The majority of terrorist attacks in the West are not carried out by well-organised international groups, instead, the terrorist threat in the West largely comes from ‘lone wolf’ attacks.

The report defines lone wolf attacks as, “Individuals or a small number of individuals who commit an attack in support of a group, movement, or ideology without material assistance or orders from such groups.”

According to the report, lone wolf attacks account for 70 per cent of all deaths in the West from 2006 to 2014, a total of 164 deaths. 

Eighty per cent of lone-wolf deaths were caused by "right-wing extremists, nationalists and anti-government elements, other types of political extremism and supremacism", the Institute found.

The biggest political lone wolf attack took place in Norway in 2011 when far-right terrorist Anders Breivik conducted two attacks in one day.

Politically motivated terrorists acts account for the most number of deaths in the West.

The report showed that lone wolf attacks motivated by what it calls “Islamic fundamentalism” accounted for 19 per cent of total deaths.

The Phenomenon of Foreign Fighters

One of the most challenging issues, particularly in Western countries, is understanding why individuals become violent extremists.

The Global Terrorism Index analysed the United States Institute of Peace (USIP) qualitative study of over 2,000 individuals who chose to leave their home countries to fight for al-Qa’ida, primarily against the United States and its allies.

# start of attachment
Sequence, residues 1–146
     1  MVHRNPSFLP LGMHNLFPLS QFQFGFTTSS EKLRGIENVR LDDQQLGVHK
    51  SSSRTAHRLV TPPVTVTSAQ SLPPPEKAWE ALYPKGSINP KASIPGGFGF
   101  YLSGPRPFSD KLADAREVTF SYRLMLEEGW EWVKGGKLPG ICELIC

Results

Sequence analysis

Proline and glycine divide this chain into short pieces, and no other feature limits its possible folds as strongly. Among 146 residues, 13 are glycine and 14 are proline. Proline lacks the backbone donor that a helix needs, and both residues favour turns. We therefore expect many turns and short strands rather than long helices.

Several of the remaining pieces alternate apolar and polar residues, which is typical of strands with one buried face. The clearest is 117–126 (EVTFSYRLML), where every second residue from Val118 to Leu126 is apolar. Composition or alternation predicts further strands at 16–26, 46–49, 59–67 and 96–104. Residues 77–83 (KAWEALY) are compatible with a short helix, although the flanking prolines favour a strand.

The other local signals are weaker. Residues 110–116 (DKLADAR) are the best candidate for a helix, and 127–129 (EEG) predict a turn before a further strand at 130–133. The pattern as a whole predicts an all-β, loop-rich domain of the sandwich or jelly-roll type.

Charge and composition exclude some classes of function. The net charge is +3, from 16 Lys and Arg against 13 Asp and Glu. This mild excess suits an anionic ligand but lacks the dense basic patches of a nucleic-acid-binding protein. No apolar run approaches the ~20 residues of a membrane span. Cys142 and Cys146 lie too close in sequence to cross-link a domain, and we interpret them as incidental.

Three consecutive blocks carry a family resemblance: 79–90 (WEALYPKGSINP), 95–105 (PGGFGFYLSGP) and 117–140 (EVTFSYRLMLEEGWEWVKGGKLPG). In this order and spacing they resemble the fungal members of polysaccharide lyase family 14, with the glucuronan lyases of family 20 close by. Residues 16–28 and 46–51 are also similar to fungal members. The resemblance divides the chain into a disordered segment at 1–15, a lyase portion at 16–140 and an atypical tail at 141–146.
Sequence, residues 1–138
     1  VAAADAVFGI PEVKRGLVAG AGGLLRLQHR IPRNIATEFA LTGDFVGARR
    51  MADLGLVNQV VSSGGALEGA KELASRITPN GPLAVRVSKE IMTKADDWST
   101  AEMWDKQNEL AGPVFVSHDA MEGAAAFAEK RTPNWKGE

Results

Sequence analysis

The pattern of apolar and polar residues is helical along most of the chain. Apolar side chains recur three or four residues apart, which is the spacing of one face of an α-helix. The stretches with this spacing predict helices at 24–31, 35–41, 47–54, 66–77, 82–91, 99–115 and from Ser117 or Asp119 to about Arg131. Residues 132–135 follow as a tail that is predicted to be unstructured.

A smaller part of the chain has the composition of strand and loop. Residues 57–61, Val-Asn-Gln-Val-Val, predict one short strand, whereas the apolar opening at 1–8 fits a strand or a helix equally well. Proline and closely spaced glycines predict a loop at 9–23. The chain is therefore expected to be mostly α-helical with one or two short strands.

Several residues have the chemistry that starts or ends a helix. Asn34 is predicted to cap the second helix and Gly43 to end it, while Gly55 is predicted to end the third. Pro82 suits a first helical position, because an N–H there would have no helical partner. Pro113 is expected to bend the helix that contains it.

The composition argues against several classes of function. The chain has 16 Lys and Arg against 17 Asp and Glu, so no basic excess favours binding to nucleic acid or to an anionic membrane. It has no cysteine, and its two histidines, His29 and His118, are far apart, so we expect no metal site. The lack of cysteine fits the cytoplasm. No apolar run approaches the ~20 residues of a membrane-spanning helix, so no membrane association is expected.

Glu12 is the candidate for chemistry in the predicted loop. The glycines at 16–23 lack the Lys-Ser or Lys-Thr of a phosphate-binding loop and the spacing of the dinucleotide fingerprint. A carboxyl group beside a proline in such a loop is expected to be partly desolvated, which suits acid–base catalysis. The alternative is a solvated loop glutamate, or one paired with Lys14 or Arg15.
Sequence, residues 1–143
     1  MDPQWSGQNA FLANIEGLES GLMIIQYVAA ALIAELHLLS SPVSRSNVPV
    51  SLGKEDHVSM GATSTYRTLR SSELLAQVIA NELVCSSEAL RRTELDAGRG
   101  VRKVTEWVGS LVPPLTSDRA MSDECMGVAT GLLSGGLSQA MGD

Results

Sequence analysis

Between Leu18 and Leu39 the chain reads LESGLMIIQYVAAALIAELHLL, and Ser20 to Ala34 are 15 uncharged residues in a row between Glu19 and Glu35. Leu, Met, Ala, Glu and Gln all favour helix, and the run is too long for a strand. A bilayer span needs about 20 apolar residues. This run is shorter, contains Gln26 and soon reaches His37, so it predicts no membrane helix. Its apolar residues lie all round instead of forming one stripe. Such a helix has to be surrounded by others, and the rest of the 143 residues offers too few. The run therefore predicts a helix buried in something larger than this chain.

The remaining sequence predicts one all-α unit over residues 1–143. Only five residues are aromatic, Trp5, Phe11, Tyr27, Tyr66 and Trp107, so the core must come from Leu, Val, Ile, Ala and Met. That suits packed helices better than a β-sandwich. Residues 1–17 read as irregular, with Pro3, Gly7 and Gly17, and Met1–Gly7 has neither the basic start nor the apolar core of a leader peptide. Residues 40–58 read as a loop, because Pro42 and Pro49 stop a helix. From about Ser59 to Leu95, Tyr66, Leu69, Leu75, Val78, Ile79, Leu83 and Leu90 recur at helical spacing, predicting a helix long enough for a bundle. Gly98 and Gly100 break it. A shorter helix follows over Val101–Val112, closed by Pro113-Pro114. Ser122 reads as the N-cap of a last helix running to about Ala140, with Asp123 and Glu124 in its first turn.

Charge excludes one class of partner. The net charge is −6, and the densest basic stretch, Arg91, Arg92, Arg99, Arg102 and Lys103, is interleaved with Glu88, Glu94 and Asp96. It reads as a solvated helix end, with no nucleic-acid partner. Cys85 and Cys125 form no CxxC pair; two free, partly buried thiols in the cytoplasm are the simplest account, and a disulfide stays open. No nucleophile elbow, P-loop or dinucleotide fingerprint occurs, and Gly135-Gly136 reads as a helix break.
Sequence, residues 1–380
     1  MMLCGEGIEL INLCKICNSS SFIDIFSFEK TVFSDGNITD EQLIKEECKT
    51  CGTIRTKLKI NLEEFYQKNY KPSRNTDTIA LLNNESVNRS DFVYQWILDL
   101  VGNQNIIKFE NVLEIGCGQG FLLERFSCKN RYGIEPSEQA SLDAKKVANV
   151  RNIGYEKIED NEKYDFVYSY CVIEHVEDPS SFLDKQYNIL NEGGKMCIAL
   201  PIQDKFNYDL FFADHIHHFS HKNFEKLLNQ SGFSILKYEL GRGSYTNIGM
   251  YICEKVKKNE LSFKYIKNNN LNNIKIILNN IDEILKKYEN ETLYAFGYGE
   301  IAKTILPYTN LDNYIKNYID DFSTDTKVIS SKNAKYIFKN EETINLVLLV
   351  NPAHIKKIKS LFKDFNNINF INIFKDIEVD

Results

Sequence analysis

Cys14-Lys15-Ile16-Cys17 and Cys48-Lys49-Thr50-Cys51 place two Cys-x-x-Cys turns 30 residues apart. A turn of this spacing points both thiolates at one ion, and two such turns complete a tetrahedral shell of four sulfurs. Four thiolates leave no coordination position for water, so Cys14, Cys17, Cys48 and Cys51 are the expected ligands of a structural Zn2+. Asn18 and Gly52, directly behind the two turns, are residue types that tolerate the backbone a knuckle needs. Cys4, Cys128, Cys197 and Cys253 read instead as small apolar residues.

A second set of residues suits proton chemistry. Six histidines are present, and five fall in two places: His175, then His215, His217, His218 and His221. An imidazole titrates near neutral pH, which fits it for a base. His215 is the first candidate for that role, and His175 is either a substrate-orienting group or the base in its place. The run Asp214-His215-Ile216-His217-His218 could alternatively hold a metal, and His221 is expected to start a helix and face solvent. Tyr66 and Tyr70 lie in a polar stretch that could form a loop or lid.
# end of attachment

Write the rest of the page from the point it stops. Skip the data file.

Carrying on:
The USIP study found that individuals who chose to travel to fight for al-Qa’ida were not ‘crazy’ or psychopathic — they had made a measured choice to fight for al-Qa’ida.

The Global Terrorism Index states, “The appeal of groups like al-Qa’ida is that they only recruit the most devout and reliable people. People with anti-social behaviour tend to be unreliable in practice.” 

The results found that many were not from one economic profile — some were unemployed for the long-term while others were from privileged backgrounds.

Meanwhile many of the participants in the study had an inadequate understanding of Islam — many were raised in households where faith was routinely practised but was not a dominating force.

Furthermore, they were not approached by al-Qa’ida but rather sought out membership.

The USIP study developed four broad motivations to assess individuals that joined al-Qa’ida, they include: identity seeking’, ‘revenge seeking/anger’, ‘status seeking’ and ‘thrill seeking’.

According to the Global Terrorism Index and the USIP study, the most common motivation was ‘identity seeking’. Anger and status seeking followed with 30 and 25 per cent respectively. The thrill seeker accounted for the least at five per cent.

The report points out that, similar motivations can be found in right-wing extremism where alienation, culture and identity have been found to be contributing factors to membership.

The report summarised that over the last 15 years, more than 61,000 incidents of terrorism claiming over 140,000 lives have been recorded.


The Point

The total number of deaths from terrorism in 2014 reached an all time high with over 32,000 deaths, which is an 80 per cent increase from the previous year. This is the highest level ever recorded, according to a newly released Terrorism Global Index Report.


Statistics and graphs courtesy of Global Terrorism Index Report 2015